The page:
Dutch train station clocks

Dutch train station clocks have always baffled me. They are, I am sure, the strangest timepieces known to mankind.

They’re visually quite distinctive, in an Ur-clock kind of way. They have plain, backlit white faces inside a black box with rounded corners. The hands are thick, and the minute divisions are chunky. They make the time very readable even from large distances.

But their visual apperance isn’t the strange thing about them. It’s their behaviour. Click on the image below for a video clip (about 1.6MB) of one of these clocks in action. I haven’t doctored this clip in any way. Pay close attention to what happens when the second hand passes the minute mark.

A Dutch train station clock

Tick…tick…tick…PAUSE…PAUSE…PAUSE…tick…tick. The second hand pauses for about three second at the top of the minute. Why? It means that the second hand makes a full cycle in 57 seconds, rather than 60. Each beat of the second hand is only 0.95 seconds long. By design, these clocks can only ever show the right time once every minute. The rest of the time, they are GUARANTEED to be wrong.

Okay, so they’re only ever fractionally out, but…but… it’s just wrong. It’s the kind of thing that can drive a person just ever so slightly mad…in 0.05 second increments.

This behaviour must be by design; it’s too strange to be an accident, and the clocks would have been fixed long ago if it was. So there has to be a good explanation for it.

Could it be a subconscious nudge to make people hurry up for their trains, by making them think that it’s slightly later than it actually is? Is it a subtle technique to help people relax in a tense rush hour environment, by giving them a three-second breathing space at the top of every minute? Are there any readability benefits from having the second hand pause like this?

There must be a reason. Does anyone know what it is?

(Amusing speculations are also welcome.)

5 comments

  1. Yeah… weird isn’t it? My own, totally unfounded speculation is that these clocks are somehow synchronized every minute so they always run exactly on time. The second hand runs slightly faster, then pauses until it gets the go signal, at which moment it is _exactly_ 16:35.

  2. The Dutch train-spotting union demanded a 3 second no-time gap to allow the spotters time to shake their wrists around to relieve cramp. During the non-time trains obviously cannot arrive as the time does not exist to go onto a timetable, therefore the spotters do not have to worry about a train arriving and not having time to write down the number.

    Incidently, what happens when a spotter notes down all the trains in service? Is it like the Arthur C. Clarke short where the monks enumerate all the names of God and the stars start going out one by one, except in this case all the British trains start arriving on time or something equally scary?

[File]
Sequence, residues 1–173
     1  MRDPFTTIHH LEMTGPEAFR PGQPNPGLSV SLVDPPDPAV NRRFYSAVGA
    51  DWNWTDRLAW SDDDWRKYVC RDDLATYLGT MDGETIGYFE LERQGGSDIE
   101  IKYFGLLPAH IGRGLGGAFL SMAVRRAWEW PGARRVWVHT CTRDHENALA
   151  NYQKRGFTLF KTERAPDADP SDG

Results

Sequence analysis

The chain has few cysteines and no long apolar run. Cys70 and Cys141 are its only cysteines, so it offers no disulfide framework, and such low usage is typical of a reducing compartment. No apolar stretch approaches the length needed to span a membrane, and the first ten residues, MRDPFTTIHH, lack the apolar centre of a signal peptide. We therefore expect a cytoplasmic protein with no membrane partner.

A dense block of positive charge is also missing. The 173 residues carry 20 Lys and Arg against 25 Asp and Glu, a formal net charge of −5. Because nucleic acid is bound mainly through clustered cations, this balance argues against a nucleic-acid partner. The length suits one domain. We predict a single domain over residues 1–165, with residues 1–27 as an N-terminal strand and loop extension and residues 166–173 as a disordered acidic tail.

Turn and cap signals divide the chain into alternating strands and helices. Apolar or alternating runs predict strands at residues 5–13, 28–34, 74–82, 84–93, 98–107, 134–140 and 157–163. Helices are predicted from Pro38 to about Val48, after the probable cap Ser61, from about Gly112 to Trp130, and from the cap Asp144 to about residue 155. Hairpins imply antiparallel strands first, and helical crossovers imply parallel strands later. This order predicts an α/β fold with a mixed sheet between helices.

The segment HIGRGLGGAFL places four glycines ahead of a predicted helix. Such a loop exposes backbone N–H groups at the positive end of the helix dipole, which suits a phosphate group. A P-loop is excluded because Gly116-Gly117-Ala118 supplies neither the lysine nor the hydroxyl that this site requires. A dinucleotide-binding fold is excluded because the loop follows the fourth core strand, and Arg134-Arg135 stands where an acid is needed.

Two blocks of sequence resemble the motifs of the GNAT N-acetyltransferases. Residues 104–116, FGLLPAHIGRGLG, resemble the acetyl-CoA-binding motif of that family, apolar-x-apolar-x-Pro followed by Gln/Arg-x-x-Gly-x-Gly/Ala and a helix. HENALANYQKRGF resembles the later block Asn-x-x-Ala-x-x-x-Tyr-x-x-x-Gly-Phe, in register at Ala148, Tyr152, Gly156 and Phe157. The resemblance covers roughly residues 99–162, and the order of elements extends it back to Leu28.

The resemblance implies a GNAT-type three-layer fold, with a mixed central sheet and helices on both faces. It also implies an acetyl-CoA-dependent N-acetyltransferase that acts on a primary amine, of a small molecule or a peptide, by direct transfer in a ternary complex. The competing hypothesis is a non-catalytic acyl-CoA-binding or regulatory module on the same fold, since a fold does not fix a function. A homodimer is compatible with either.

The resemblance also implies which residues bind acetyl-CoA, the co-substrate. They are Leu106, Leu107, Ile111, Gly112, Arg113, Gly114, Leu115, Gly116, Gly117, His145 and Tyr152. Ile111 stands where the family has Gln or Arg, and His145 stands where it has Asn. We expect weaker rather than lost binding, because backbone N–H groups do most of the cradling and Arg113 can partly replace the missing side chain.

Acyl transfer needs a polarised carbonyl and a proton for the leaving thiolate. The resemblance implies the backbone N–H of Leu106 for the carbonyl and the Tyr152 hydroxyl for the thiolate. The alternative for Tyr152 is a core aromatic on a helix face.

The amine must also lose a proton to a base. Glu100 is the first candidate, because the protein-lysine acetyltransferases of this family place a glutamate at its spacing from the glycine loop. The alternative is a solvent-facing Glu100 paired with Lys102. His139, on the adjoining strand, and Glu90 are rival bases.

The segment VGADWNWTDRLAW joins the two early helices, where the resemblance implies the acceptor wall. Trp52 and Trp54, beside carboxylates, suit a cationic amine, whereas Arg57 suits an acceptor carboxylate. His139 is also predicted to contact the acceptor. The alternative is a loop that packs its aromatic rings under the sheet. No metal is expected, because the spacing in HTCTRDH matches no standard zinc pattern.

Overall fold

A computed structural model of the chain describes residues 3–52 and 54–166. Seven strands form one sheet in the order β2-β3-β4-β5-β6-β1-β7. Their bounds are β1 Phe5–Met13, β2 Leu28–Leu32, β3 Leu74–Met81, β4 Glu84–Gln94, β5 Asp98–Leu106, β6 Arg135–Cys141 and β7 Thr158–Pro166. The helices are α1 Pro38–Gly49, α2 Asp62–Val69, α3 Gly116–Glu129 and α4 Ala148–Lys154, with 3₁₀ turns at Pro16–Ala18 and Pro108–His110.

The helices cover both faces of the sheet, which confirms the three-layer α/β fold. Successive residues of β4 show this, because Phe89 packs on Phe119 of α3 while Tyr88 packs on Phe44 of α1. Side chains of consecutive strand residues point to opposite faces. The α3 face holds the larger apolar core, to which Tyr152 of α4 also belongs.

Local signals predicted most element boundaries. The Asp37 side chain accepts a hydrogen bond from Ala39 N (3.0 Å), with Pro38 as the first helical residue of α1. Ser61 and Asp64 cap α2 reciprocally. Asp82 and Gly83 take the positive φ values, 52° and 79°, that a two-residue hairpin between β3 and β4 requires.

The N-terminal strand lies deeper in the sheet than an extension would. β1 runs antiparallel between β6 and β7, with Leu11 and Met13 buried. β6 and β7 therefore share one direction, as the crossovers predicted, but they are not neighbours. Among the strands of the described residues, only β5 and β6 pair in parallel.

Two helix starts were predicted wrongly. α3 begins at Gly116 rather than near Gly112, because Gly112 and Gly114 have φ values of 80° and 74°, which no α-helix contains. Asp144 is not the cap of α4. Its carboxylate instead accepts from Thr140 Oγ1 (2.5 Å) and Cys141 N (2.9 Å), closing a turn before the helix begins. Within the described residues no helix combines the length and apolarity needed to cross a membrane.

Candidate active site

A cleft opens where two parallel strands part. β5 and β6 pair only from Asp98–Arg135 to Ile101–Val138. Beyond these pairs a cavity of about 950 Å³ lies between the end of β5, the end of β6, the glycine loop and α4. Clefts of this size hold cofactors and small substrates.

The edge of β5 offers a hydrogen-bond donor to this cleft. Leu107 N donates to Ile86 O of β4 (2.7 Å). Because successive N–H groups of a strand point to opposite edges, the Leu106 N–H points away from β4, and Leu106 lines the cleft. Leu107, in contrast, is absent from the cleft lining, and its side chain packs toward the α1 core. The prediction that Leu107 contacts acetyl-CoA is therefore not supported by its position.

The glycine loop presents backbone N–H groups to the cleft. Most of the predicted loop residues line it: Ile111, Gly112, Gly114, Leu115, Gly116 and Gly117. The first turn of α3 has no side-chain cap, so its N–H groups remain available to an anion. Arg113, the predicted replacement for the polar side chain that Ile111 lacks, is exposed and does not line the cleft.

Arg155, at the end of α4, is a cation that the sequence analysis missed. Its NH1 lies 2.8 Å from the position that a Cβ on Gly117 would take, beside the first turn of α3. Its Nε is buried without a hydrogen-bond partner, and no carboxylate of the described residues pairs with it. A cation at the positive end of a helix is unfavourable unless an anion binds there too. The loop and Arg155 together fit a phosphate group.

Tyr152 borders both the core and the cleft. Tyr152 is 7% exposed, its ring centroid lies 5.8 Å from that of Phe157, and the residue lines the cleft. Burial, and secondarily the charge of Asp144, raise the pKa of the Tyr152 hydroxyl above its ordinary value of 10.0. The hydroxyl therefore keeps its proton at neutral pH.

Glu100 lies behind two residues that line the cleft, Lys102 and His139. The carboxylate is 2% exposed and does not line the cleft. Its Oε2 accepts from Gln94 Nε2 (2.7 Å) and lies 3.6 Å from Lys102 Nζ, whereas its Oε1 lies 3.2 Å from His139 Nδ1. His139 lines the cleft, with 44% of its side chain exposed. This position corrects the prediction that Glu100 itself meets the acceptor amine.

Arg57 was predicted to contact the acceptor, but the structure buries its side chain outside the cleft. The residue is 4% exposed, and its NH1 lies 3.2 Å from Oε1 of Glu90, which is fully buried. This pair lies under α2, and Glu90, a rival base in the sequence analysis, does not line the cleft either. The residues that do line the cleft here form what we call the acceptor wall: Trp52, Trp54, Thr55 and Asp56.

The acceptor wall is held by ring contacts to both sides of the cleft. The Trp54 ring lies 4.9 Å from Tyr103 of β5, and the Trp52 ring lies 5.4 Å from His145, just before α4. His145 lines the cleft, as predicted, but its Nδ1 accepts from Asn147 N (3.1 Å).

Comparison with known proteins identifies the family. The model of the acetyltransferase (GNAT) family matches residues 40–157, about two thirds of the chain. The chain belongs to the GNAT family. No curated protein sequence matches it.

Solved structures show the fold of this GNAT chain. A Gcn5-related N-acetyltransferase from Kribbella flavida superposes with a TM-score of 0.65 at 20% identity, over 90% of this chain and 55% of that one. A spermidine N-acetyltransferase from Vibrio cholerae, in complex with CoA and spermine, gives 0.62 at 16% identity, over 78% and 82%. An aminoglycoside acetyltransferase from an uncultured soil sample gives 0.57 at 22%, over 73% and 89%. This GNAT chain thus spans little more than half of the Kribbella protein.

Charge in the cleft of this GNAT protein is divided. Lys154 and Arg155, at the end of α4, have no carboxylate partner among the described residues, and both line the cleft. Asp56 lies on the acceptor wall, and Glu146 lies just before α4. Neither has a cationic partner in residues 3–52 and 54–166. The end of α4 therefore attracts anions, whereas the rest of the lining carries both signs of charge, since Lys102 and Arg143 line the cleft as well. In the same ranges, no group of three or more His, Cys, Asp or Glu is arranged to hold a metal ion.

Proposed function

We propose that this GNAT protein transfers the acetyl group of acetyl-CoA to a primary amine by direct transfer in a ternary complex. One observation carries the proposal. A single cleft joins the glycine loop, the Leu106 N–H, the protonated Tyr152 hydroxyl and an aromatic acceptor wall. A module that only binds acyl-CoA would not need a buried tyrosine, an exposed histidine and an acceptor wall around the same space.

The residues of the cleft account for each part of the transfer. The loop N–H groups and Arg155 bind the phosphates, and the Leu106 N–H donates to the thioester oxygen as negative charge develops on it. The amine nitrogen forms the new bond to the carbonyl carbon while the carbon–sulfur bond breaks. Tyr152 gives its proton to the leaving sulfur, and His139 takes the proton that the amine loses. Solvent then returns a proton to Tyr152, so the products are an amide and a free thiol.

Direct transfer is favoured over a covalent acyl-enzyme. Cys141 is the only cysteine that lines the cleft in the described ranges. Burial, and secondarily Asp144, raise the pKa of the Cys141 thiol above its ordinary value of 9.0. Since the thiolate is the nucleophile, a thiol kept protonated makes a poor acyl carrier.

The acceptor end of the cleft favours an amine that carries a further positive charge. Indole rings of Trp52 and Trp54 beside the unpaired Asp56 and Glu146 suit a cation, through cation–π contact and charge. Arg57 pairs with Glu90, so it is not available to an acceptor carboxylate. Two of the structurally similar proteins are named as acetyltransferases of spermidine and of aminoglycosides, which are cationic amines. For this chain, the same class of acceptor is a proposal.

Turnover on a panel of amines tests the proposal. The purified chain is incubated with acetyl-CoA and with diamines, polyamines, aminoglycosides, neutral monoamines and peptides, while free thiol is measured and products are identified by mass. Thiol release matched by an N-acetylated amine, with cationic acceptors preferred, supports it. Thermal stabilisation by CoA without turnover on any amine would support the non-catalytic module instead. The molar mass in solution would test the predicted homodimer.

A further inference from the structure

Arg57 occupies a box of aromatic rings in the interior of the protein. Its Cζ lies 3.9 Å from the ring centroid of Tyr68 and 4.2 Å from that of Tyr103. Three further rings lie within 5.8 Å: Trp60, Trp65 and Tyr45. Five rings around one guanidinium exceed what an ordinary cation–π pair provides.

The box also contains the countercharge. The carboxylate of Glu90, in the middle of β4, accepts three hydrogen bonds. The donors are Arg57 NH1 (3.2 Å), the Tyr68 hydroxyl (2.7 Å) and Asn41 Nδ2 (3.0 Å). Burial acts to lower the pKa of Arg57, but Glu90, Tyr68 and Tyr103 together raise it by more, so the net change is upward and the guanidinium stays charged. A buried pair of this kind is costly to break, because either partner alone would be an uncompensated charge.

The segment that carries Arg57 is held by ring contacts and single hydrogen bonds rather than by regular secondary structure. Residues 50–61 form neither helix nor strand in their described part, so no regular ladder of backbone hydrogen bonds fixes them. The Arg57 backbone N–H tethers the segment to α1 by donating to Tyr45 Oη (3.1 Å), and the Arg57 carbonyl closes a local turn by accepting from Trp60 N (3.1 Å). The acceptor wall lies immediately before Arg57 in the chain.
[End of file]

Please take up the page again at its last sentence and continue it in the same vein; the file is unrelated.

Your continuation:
3. I noticed this odd delay on the clocks in Germany as well. If you have ever seen Run Lola Run, there is a scene where Mani is about to enter the grocery store while Lola runs to stop him. One of these clocks is laid over the scene, and has the usual “three second” delay while Mani looks up, waiting for the minute to start so he can enter the store at exactly noon. Priceless, and completely accurate :).

  4. I suspect there might be a good mechanical reason for the clock doing what it does. Probably along the lines of the effort required to move the minute hand requires three seconds of kinetic build-up before the required amount of energy is generated to shift it to the next minute. To compensate for the three second delay, the second hand has to complete its sweep in 57 seconds, as you said. So it’s probably an energy saving thing – after all, running loads of large clocks at each station must take a bit of oomph, and the Dutch are a pretty efficient lot. I noticed that the hour hand is at its proper position in relation to the minute hand, which means it must creep around by degrees instead of lurching from one time increment to the next. Maybe the hour hand moves a little bit as well when the minute hand does its lurch into the next minute. Who knows? I know one thing for certain, I’ve rambled for too long already and should really go and get some work done.

  5. Could be a tolerance to allow the Dutch rail network to say a certain percentage of trains ran on time.

    Perhaps British Rail should stop the second hand for 57 seconds, leaving 3 seconds to go round.

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